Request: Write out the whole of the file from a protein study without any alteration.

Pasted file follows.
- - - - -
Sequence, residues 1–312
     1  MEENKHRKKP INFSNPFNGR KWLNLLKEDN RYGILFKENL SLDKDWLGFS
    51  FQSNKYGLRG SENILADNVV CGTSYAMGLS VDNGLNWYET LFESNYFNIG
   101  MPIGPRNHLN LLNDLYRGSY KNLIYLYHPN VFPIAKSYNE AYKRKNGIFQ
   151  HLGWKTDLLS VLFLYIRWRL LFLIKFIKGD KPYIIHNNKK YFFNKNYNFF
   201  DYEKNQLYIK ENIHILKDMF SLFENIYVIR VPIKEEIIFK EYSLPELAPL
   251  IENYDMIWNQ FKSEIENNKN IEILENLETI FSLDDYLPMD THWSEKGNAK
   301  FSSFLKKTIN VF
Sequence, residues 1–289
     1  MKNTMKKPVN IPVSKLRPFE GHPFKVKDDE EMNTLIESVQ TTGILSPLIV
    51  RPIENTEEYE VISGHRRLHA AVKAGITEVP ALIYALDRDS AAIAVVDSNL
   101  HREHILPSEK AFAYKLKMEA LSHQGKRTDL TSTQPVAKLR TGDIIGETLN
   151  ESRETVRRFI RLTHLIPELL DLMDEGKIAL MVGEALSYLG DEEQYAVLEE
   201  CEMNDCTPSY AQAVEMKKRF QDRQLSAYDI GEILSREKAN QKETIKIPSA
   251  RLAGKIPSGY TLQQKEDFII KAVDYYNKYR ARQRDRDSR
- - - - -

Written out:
Sequence, residues 1–312
     1  MEENKHRKKP INFSNPFNGR KWLNLLKEDN RYGILFKENL SLDKDWLGFS
    51  FQSNKYGLRG SENILADNVV CGTSYAMGLS VDNGLNWYET LFESNYFNIG
   101  MPIGPRNHLN LLNDLYRGSY KNLIYLYHPN VFPIAKSYNE AYKRKNGIFQ
   151  HLGWKTDLLS VLFLYIRWRL LFLIKFIKGD KPYIIHNNKK YFFNKNYNFF
   201  DYEKNQLYIK ENIHILKDMF SLFENIYVIR VPIKEEIIFK EYSLPELAPL
   251  IENYDMIWNQ FKSEIENNKN IEILENLETI FSLDDYLPMD THWSEKGNAK
   301  FSSFLKKTIN VF
Sequence, residues 1–289
     1  MKNTMKKPVN IPVSKLRPFE GHPFKVKDDE EMNTLIESVQ TTGILSPLIV
    51  RPIENTEEYE VISGHRRLHA AVKAGITEVP ALIYALDRDS AAIAVVDSNL
   101  HREHILPSEK AFAYKLKMEA LSHQGKRTDL TSTQPVAKLR TGDIIGETLN
   151  ESRETVRRFI RLTHLIPELL DLMDEGKIAL MVGEALSYLG DEEQYAVLEE
   201  CEMNDCTPSY AQAVEMKKRF QDRQLSAYDI GEILSREKAN QKETIKIPSA
   251  RLAGKIPSGY TLQQKEDFII KAVDYYNKYR ARQRDRDSR